Thursday, March 14, 2013


A new class of damaging DDoS attacks was launched against U.S. banks in the second half of 2012, sometimes adding up to 70 Gbps of noisy network traffic blasting at the banks through their Internet pipes. Until this recent spate of attacks, most network-level DDoS attacks consumed only five Gbps of bandwidth, but more recent levels made it impossible for bank customers and others using the same pipes to get to their websites. - Gartner
Figure 1: Components of a DDoS attack (credit Wikipedia)
Figure 1 shows the components of a Distributed Denial of Service (DDoS) attack. The attacker uses a command and control network to instruct large numbers of compromised systems to send traffic to a designated target with the aim of overwhelming the target infrastructure and denying access to legitimate users.

This article will show how the standard sFlow monitoring built in to most vendor's network equipment can be used to rapidly detect DDoS attacks and drive automated controls to mitigate their effect. This case study is based on a data center network consisting of approximately 500 switches and 30,000 switch ports and the charts show production traffic. This network was used as a testbed for developing the sFlow-RT analytics engine and the resulting solution is now used in production.
Figure 2: Uncontrolled DDoS attack
Figure 1 shows a typical DDoS attack, consisting of sustained traffic levels of over 5M packets per second (30 Gigabits per second) that last for many hours. The attacks are intended to saturate the links to the data center and deny access to the servers hosted there.

Note: This chart is from an early sFlow-RT prototype and the drop outs are spurious.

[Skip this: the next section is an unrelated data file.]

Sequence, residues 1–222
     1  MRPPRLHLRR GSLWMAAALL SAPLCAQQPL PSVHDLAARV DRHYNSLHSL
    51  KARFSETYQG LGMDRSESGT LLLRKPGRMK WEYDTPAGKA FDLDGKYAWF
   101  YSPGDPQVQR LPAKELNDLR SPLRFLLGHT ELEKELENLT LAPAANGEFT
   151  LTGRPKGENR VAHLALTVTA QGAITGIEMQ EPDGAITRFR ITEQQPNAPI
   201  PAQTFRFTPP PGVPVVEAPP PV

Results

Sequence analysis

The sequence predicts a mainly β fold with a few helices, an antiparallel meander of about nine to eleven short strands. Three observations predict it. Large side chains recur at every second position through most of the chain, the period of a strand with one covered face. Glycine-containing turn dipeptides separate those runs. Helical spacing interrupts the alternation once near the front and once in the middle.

Figure 3: Performance aware software defined networking
Performance aware software defined networking describes the basic elements of the DDoS mitigation system. The sFlow measurements from all the switches are sent to the sFlow-RT analytics engine which provides real-time notification of denial of service attacks and information about the attackers and targets to the DDoS protection application (a variant of Python script shown in the article). The DDoS protection application issues commands to the controller which communicates with the switches to eliminate the DDoS traffic. In this specific example, the controller doesn't actually use OpenFlow to communicate with the switches - instead scripts automatically login to the switch CLI to issue configuration commands that cause upstream routers to drop the traffic (see null route).
Figure 4: Five DDoS attacks within three minutes
Figure 4 shows results from an early prototype controller. The chart is interesting because it shows five separate DDoS attacks occurring within the span of three minutes. Each attack is being stopped in under 30 seconds - this is fast enough that the attacks don't fully evolve, peaking at 3 million packets per second, rather than the typical 5+ million packets per second.